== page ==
Cautionary tale of concentration camp lacks true depth
By Hedy Weiss Theater Critic September 27, 2013 6:18PM
Megan Long and Matt Edmonds star in "Signs of Life" at Victory Gardens Theater.
‘SIGNS OF LIFE’
When: Through Oct. 27
Where: Victory Gardens Biograph Theatre, 2433 N. Lincoln
Tickets : $45-$65
Info: (773) 871-3000;
Run time: 2 hours and 20 minutes with one intermission
Updated: October 3, 2013 12:58PM
The story of the Theresienstadt concentration camp in Czechoslovakia — one of the stranger and more perversely sinister chapters in Holocaust history — has been dealt with in several forms, including the 1980 film, “Playing for Time.”
Now, in “Signs of Life, A Tale of Terezin” — an independently produced show presented on the Victory Gardens Theater’s mainstage — it has been turned into a musical by Peter Ullian (book), Len Schiff (lyrics) and Joel Derfner (music). The work’s creators clearly had their hearts in the right place. And the story of Terezin is unquestionably a potent and timely cautionary tale that suggests the power of propaganda and the deception that can accompany official “inspection tours.” Just as crucially, it reveals how people behave under the most extreme pressures, and how art can not only be sustaining, but serve as a document of history long after the artists themselves have perished.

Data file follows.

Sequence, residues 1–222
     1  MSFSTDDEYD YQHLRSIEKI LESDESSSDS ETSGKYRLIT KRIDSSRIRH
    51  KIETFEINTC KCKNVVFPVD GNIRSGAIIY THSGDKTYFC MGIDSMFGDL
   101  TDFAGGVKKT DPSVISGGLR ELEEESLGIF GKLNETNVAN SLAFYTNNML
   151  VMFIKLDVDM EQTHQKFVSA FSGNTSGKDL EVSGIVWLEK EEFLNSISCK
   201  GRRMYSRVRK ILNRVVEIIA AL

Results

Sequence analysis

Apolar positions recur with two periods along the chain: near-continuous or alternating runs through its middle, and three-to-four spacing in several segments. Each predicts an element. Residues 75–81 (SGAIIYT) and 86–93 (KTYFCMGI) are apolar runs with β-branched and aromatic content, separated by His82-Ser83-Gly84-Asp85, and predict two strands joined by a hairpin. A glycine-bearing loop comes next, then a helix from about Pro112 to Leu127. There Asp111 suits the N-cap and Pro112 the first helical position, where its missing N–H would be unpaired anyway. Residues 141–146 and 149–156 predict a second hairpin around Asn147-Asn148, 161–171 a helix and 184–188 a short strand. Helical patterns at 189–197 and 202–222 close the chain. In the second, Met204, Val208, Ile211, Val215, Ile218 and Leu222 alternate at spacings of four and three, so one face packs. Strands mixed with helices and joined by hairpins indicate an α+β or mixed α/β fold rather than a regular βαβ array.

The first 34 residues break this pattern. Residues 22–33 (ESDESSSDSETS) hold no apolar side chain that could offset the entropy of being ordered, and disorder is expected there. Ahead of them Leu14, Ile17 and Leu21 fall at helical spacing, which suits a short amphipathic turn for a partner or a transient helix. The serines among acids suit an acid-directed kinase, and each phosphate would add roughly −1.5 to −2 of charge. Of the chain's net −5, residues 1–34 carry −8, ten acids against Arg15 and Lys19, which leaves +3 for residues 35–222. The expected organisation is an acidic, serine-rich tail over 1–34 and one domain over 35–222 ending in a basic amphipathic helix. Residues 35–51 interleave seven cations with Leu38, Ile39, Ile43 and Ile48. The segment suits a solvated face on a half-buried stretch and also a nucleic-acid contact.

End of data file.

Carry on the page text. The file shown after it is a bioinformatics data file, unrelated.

Yet for all its good intentions and earnestness, this musical is simplistic and cliched to a painful degree. Mel Brooks could get away with dancing Nazis in the big “Springtime for Hitler” number in “The Producers” because he meant it to be outrageous and offensive. Here, the Nazis don’t dance, although one has a song to suggest how fervent, if sick, his beliefs are. But the whole enterprise feels like a teaching tool for a clueless teenage audience rather than for sophisticated adults.
Terezin went through several phases but was primarily a ghetto and labor camp that in most cases served as a way-station to the death camps. It was the place where a large number of Czech Jews, many with artistic and intellectual backgrounds, were sent from 1940 on. In 1944, some of these inmates were deployed to create a sort of “Potemkin village” — a fake place, devised to deceive and impress visiting officials of the Red Cross who were increasingly hearing about the horrors at Auschwitz and the other camps. Terezin was “beautified” as “a model city for the Jews,” with artistic activity even captured in a propaganda film. It worked.
In “Signs of Life” we meet a cross-section of inmates. There is Kurt Gerard (Jason Collins), the effete theater director; Jacob Schumann (Michael Joseph Mitchell), a wealthy Prague gallery owner accompanied by Lorelei (Megan Long), his pretty, artistic and precocious 17-year-old granddaughter, and her beloved younger brother, Wolfie (Brennan Dougherty); Simon Muller (Matt Edmonds), a lyricist who falls for Lorelei; Jonas (Nathan Cooper), a gay artist who refuses to lie; and Berta (the excellent Lara Filip), a Jewish woman who converted, but was still abandoned by her Nazi-affiliated husband. James Rank and Doug Pawlik are the Nazis.
In many ways the show’s most powerful element is designer Brian Sidney Bembridge’s haunting set with its sharply angled, wood-slatted walls conjuring the barracks of Terezin and other camps. You could easily study the reproductions of surviving artwork and other archival materials in the show’s fine lobby display, sit in the theater, and meditate on the nightmarish history.